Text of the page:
Move comes after FDA reports 66 cases of E. coli infection in 28 states
FRIDAY, June 19 (HealthDay News) -- U.S. health officials are warning consumers not to eat any Nestlé Toll House refrigerated cookie dough products because of the risk of E. coli contamination.
In response to the Food and Drug Administration warning, Nestlé USA said Friday that it was voluntarily recalling its Toll House refrigerated cookie dough items.
"The E. coli outbreak could be from one or a number of contaminates, such as the milk component, the machinery, even the harvested flour," said one expert in infectious disease, Dr. Philip M. Tierno, director of clinical microbiology and immunology at New York University Langone Medical Center.
"Whether eaten or handled (causing cross-contamination), the dough is a danger, especially to the elderly, anyone with a suppressed immune system or pregnant women and should be discarded," he said.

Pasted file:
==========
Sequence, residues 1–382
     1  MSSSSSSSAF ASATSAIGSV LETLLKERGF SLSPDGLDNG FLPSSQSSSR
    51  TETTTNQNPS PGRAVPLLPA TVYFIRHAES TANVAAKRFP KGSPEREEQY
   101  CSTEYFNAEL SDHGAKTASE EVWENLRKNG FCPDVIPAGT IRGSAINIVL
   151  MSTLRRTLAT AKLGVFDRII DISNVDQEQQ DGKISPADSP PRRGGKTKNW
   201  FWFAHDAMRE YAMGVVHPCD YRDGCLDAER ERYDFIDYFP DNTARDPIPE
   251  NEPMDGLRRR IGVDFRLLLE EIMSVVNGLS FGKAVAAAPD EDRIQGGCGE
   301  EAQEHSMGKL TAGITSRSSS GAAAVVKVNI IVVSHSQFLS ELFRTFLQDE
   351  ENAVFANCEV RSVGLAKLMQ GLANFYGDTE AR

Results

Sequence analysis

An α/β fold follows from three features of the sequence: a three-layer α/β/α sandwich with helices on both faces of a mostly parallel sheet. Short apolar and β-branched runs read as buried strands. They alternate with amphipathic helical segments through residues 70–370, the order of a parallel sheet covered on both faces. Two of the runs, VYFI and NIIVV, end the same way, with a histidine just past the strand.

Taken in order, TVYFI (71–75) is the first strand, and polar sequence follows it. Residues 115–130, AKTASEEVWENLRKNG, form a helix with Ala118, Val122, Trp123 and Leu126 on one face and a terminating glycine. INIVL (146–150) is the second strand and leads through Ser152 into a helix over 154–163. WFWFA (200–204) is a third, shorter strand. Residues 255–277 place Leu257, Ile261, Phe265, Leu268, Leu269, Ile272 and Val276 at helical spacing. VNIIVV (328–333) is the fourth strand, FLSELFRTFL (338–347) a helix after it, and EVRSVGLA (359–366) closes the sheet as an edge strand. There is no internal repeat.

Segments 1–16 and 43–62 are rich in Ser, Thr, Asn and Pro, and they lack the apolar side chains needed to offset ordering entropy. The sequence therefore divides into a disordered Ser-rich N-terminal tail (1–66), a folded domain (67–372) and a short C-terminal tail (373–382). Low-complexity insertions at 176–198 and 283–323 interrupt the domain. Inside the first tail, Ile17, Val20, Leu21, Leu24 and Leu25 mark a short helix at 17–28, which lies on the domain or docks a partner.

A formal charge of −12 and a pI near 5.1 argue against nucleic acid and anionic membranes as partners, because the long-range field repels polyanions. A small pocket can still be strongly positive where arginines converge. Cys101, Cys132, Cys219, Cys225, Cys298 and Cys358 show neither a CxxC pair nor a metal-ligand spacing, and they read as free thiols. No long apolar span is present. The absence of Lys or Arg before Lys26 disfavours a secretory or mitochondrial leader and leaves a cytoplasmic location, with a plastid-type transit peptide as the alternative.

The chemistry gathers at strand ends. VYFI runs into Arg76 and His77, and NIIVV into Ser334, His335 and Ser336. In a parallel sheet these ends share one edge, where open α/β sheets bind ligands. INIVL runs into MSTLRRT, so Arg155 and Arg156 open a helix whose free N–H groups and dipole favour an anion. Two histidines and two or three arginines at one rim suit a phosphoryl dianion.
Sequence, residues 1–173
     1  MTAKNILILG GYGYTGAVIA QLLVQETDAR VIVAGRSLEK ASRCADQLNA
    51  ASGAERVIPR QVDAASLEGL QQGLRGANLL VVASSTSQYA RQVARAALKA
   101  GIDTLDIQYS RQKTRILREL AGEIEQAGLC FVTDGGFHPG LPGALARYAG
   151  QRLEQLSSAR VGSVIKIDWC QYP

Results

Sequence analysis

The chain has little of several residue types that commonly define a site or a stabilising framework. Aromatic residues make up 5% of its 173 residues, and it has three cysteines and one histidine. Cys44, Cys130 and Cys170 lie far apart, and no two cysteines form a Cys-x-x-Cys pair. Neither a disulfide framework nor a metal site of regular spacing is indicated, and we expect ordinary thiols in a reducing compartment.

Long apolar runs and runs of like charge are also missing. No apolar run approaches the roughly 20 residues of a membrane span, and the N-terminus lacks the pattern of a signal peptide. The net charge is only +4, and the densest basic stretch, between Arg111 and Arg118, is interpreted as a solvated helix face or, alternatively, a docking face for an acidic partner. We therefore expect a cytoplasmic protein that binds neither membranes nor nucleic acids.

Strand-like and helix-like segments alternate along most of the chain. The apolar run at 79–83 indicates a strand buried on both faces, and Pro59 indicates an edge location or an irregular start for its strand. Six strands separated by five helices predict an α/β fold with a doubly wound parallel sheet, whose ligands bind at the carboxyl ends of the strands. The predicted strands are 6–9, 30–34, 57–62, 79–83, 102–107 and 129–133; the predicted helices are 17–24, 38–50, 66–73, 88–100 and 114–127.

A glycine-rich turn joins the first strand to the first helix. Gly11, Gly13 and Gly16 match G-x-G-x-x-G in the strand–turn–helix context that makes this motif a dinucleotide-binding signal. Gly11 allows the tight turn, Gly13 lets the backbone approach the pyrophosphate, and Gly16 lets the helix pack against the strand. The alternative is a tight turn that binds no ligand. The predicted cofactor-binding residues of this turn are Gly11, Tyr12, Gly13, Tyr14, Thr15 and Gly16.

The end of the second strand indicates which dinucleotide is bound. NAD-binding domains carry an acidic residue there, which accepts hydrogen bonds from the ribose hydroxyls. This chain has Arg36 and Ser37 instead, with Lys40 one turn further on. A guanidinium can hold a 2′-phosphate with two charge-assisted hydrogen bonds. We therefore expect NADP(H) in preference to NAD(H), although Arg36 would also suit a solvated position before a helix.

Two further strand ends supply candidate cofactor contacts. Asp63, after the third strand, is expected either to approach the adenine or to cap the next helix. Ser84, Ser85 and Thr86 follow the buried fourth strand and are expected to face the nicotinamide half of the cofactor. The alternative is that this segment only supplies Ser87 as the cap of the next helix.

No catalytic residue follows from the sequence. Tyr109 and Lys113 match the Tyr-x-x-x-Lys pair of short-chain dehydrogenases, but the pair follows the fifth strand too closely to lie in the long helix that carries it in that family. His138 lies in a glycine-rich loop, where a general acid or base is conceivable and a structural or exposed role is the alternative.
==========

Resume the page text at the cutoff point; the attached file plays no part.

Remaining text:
Since March there have been 66 reports of illness in 28 states, the agency said. Twenty-five people have been hospitalized, seven with a severe complication called hemolytic uremic syndrome, which can result in kidney damage and even death. There have been no deaths, the FDA said.
The FDA is advising consumers to toss out any refrigerated Nestlé Toll House cookie dough products they have in their homes. The agency also says not to cook the dough because E. coli bacteria could get on your hands and cooking surfaces, leading to cross-contamination.
Retailers, restaurateurs, and other food-service operations should not sell or serve any Nestlé Toll House refrigerated cookie dough, the agency added.
The recall includes refrigerated cookie and brownie dough bar, cookie dough tub, cookie dough tubes, seasonal cookie and brownie dough, and Ultimates cookie bar dough. It does not include any other Toll House products, the c
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